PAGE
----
Old seeds for new

A recently-held seed innovation conference that brought together academic institutions from India, UK and Germany, reinforced the importance of native seeds and natural farming for Indian agriculture

September 18, 2017 04:09 pm | Updated 04:09 pm IST

Over 23 farmers from seven states, including policy makers, government officials, and researchers came together for a round-table conference to promote sustainable methods of seed innovation using traditional technology by Indian farmers.

The conference was conducted as part of a collaboration among the Max Planck Institute, Leeds University and The Art of Living at the latter’s international centre in the city.

The conference marked the end of a research project conducted by the participating institutions, which featured Mrinalini Kochupillai, Senior Research Fellow at the Max Planck Institute for Innovation and Competition; Natalie Kopytko and Gregory Radick from Leeds University; Pitambar Shrestha, Regional Coordinator of LI-BIRD, Nepal; Kishore Kumar Sharma from Assam Agricultural University;and Suman Sahai, Chairperson of the Gene Campaign.

One of the highlights of the conference was the exploration of the theme of seed innovation keeping in mind the condition of the Indian farmers, over 90% of whom cultivate on less than two hectares of land. The need to buy expensive seeds, which usually require fertilizers and other inputs, deeply contributes to their debt cycle.

“Innovation does not just happen in a laboratory, but also in the farm, as the farmers has an understanding of the crop beyond its physical properties,” said Suman, speaking at the conference.

The conference also noted that so far, research on agricultural techniques has primarily been conducted on large landholdings in water-rich regions. And so it has failed to produce the same results on marginal landholdings in rain-fed regions.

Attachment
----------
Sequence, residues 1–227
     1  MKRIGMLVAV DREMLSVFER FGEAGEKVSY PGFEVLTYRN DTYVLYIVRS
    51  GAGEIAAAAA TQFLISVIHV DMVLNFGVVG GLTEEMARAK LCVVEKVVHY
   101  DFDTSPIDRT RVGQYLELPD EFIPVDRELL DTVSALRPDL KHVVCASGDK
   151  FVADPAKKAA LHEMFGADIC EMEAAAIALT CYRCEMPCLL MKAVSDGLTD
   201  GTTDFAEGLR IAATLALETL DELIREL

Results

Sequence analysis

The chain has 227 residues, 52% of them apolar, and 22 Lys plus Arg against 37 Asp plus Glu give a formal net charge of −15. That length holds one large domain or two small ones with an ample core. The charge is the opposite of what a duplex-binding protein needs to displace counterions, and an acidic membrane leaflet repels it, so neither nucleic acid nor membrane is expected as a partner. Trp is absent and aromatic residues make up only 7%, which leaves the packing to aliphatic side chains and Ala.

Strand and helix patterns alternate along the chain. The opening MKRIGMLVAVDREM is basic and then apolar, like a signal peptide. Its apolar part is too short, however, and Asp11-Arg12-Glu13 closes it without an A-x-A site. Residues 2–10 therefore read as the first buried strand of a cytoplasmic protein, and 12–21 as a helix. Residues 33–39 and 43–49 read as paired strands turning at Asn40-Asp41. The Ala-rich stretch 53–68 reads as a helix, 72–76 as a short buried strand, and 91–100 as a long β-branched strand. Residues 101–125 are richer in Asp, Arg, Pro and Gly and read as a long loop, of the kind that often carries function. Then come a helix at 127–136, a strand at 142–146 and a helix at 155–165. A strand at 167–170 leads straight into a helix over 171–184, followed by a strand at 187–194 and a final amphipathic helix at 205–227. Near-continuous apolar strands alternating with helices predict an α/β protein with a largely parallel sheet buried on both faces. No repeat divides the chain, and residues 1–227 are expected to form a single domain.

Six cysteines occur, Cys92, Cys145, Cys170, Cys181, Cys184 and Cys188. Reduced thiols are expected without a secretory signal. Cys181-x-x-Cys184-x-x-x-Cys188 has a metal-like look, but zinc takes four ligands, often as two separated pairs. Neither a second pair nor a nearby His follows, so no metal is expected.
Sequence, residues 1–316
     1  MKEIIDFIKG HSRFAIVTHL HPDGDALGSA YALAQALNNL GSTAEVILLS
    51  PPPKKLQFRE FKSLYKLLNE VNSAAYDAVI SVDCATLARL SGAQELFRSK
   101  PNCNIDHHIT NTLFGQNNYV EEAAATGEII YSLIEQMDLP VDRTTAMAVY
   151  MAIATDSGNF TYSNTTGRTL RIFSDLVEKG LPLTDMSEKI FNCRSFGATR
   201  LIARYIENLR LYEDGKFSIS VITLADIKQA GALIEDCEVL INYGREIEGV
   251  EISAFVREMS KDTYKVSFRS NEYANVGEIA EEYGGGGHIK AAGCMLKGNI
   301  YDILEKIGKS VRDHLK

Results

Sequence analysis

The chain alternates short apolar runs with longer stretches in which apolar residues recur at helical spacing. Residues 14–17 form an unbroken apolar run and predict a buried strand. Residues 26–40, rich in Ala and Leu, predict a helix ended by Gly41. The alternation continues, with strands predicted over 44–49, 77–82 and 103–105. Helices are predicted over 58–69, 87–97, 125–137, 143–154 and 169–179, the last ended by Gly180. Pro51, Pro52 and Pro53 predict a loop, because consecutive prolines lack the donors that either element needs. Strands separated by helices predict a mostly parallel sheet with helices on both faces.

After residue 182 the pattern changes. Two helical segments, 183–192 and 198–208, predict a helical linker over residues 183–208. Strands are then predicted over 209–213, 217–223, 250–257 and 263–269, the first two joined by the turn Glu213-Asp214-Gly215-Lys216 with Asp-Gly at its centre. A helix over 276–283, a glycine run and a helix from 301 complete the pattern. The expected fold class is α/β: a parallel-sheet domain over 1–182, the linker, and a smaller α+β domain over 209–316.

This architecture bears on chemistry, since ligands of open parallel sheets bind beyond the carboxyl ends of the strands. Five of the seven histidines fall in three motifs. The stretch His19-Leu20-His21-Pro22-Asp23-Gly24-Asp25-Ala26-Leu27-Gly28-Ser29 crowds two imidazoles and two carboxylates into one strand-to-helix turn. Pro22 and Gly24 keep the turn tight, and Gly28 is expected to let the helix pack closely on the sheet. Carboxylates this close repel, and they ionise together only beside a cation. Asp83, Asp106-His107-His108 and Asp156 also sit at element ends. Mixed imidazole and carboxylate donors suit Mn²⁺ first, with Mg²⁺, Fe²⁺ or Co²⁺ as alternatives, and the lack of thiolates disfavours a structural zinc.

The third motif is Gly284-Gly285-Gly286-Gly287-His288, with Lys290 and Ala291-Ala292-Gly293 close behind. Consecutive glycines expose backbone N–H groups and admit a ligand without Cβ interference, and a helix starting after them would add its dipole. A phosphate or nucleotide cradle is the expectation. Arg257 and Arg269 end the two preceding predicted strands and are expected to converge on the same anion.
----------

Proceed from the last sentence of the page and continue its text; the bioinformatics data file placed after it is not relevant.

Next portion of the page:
Natural farming techniques that use less water, enrich the soil with nutrients, cost less than chemical farming and are based on preservation of the indigenous seed benefit marginal farmers, who dominate the agricultural sector in India. The finding was further corroborated by a 11-month research project by The Art of Living, Max Planck and Leeds University.

“Given the huge agri-biodiversity of India, if the marginal farmer can be promoted to the status of an innovator, then India can export seeds as a technology to the whole world,” observed Mrinalini.

“Native seeds have more nutrition, taste and variety and can withstand erratic climates. These, naturally, are of more benefit to marginal farmers,” added Yash Mishra, a Chattisgarh-based farmer.

The conference also addressed the significant role played by governments in this regard and was reinforced by the views of Sanjay Khattal, Director, National Seeds Corporation.

“The government will explore possibilities of supporting the promotion of indigenous seed innovation,” he said.

“The takeaway here would be that in view of the centralized plant breeding efforts pertaining to hybrid and GMO varieties suited to irrigated lands reaching a plateau now, it is imperative that rain-fed agriculture that constitutes 44% of the arable land in India should be given priority,” said Prabhakar Rao, Trustee, Sri Sri Institute of Agricultural Sciences and Technology Trust. “Only indigenous seeds are suitable for cultivation in rain-fed areas and farmers who know these varieties so well should be participating in their improvement and breeding programmes.”

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